• The “AI for Consumer Product Safety Act” (H.R. 8128) that “would direct the Consumer Product Safety Commission (CPSC) to establish a pilot program to explore the use of artificial intelligence for at least one of the following purposes: 1) tracking injury trends; 2) identifying consumer product hazards; 3) monitoring the retail marketplace for the sale of recalled consumer products; or 4) identifying unsafe imported consumer products.” The revised bill passed by the committee “changes the title of the bill to the “Consumer Safety Technology Act”, and adds the text based on the Blockchain Innovation Act (H.R. 8153) and the Digital Taxonomy Act (H.R. 2154)…[and] adds sections that direct the Department of Commerce (DOC), in consultation with the Federal Trade Commission (FTC), to conduct a study and submit to Congress a report on the state of blockchain technology in commerce, including its use to reduce fraud and increase security.” The revised bill “would also require the FTC to submit to Congress a report and recommendations on unfair or deceptive acts or practices relating to digital tokens.”
    • The “American Competitiveness Of a More Productive Emerging Tech Economy Act” or the “American COMPETE Act” (H.R. 8132) “directs the DOC and the FTC to study and report to Congress on the state of the artificial intelligence, quantum computing, blockchain, and the new and advanced materials industries in the U.S…[and] would also require the DOC to study and report to Congress on the state of the Internet of Things (IoT) and IoT manufacturing industries as well as the three-dimensional printing industry” involving “among other things:1) listing industry sectors that develop and use each technology and public-private partnerships focused on promoting the adoption and use of each such technology; 2) establishing a list of federal agencies asserting jurisdiction over such industry sectors; and 3) assessing risks and trends in the marketplace and supply chain of each technology.
      • The bill would direct the DOC to study and report on the effect of unmanned delivery services on U.S. businesses conducting interstate commerce. In addition to these report elements, the bill would require the DOC to examine safety risks and effects on traffic congestion and jobs of unmanned delivery services.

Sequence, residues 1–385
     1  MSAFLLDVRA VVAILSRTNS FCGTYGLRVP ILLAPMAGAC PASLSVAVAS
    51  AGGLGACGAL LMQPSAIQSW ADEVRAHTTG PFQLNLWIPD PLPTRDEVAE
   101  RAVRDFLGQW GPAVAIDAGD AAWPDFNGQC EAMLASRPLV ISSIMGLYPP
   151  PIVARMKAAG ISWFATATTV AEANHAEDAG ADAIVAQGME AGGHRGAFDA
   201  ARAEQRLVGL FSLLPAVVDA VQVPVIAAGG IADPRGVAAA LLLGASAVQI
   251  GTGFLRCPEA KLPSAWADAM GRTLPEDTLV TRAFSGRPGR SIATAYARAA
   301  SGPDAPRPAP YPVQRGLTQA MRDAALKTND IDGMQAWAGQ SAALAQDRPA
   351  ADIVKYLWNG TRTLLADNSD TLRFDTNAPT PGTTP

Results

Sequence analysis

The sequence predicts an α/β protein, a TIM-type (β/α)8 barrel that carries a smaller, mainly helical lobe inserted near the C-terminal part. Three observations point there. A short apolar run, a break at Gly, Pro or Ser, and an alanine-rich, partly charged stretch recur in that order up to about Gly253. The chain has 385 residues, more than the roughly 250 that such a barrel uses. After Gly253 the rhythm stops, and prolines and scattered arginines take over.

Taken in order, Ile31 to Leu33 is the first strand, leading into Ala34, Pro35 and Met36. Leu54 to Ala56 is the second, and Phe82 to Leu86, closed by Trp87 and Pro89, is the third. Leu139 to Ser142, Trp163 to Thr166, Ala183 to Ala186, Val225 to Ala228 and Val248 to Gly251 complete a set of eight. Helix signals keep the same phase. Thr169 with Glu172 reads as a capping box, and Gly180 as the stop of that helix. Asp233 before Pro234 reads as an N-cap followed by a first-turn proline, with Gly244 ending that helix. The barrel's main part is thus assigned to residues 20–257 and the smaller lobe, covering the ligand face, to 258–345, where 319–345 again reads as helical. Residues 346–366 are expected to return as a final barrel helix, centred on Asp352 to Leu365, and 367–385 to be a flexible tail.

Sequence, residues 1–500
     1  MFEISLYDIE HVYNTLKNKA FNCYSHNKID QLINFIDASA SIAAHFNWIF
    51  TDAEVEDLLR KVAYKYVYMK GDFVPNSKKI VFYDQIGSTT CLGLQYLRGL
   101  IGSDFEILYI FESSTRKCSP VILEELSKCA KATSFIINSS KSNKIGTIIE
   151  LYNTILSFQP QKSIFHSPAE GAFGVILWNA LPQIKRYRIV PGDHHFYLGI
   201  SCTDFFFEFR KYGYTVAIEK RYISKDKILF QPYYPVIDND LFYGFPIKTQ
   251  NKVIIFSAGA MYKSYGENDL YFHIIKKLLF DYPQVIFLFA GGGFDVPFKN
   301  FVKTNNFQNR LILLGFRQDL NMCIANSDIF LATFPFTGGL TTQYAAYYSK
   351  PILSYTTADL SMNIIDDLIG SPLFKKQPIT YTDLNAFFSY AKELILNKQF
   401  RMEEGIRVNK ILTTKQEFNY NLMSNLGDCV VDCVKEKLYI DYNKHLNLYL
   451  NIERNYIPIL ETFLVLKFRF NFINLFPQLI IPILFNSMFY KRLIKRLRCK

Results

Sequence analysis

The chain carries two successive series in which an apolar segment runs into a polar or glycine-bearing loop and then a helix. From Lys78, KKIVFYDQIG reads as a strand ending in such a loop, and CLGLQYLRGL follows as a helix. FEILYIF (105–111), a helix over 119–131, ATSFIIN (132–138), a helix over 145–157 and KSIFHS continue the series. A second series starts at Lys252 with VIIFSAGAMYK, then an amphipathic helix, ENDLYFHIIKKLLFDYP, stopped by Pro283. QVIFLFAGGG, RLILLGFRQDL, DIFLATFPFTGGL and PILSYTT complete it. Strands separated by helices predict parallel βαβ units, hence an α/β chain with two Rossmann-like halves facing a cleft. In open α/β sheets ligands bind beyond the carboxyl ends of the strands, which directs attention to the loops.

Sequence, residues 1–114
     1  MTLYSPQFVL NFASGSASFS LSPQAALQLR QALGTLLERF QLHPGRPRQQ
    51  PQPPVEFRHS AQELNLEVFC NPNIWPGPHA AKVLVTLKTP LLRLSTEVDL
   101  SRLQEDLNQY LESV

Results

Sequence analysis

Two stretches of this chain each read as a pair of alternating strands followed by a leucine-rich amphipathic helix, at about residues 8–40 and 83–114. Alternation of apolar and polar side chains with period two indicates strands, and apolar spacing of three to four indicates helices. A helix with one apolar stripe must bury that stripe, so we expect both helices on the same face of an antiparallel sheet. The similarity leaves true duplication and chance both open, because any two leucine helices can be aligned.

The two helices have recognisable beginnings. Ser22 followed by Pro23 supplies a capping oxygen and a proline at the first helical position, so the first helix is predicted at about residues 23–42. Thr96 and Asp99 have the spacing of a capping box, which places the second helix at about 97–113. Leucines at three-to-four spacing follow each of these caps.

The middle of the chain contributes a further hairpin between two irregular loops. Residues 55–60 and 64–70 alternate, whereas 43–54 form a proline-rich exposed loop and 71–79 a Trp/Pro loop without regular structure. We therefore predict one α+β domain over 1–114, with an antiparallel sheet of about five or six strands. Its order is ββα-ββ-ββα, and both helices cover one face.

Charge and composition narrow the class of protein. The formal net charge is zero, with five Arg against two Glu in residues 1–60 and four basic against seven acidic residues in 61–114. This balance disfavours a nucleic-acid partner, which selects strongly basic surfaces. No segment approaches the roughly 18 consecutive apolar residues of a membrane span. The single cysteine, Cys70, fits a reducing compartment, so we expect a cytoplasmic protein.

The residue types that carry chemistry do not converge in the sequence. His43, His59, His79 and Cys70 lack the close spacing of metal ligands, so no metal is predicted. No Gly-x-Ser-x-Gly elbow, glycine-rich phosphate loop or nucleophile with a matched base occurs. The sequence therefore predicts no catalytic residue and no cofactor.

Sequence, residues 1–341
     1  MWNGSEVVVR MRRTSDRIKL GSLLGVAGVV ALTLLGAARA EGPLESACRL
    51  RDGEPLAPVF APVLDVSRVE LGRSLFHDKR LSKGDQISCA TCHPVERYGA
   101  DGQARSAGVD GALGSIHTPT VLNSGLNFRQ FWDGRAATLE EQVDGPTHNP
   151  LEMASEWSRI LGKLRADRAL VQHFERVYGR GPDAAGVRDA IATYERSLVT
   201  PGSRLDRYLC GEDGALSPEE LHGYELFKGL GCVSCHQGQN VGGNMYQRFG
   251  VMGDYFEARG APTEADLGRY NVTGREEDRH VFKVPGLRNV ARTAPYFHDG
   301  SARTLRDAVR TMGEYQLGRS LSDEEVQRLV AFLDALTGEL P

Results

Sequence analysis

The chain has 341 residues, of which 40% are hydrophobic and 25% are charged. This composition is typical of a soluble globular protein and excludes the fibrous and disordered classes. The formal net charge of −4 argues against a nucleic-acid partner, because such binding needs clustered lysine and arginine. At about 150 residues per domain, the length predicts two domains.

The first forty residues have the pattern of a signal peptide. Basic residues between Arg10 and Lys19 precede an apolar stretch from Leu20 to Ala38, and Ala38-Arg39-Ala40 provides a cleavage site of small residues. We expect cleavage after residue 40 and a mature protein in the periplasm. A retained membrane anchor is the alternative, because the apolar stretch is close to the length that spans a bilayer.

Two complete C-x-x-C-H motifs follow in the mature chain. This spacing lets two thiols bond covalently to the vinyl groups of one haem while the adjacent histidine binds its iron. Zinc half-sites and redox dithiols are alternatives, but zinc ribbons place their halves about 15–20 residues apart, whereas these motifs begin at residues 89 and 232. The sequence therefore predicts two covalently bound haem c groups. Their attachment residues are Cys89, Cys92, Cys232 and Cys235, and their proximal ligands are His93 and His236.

• Finally, the bill would require the FTC to study and report to Congress on how artificial intelligence may be used to address online harms, including scams directed at senior citizens, disinformation or exploitative content, and content furthering illegal activity.
    • The “Cyber Sense Act of 2019” (H.R.360) requires the Secretary of Energy to establish the Cyber Sense Program. This voluntary program would identify cyber-secure products that could be used in the bulk-power system. 
    • The “Enhancing Grid Security through Public-Private Partnerships Act” (H.R.359) directs the Secretary of Energy – in consultation with States, other Federal agencies, and industry stakeholders – to create and implement a program to enhance the physical and cybersecurity of electric utilities. The bill also requires an update to the Interruption Cost Estimate (ICE) Calculator, an electric reliability planning tool for estimating electricity interruption costs and the benefits of reliability improvements, at least once every two years. 
    • The “Energy Emergency Leadership Act” (H.R.362) creates a new Department of Energy Assistant Secretary position with jurisdiction over all energy emergency and security functions related to energy supply, infrastructure and cybersecurity. 
  • Federal Bureau of Investigation (FBI) and the Department of Homeland Security’s (DHS) Cybersecurity and Infrastructure Security Agency (CISA) released a trio of public service announcements to dispels myths about the threats to voting while also casting light on the realistic risk that might disrupt the 2020 Election:
    • In “False Claims of Hacked Voter Information Likely Intended to Cast Doubt on Legitimacy of U.S. Elections,” the FBI and CISA issued the “announcement to raise awareness of the potential threat posed by attempts to spread disinformation regarding cyberattacks on U.S. voter registration databases or voting systems.” The agencies added:
      • During the 2020 election season, foreign actors and cyber criminals are spreading false and inconsistent information through various online platforms in an attempt to manipulate public opinion, sow discord, discredit the electoral process, and undermine confidence in U.S. democratic institutions. These malicious actors could use these forums to also spread disinformation suggesting successful cyber operations have compromised election infrastructure and facilitated the “hacking” and “leaking” of U.S. voter registration data.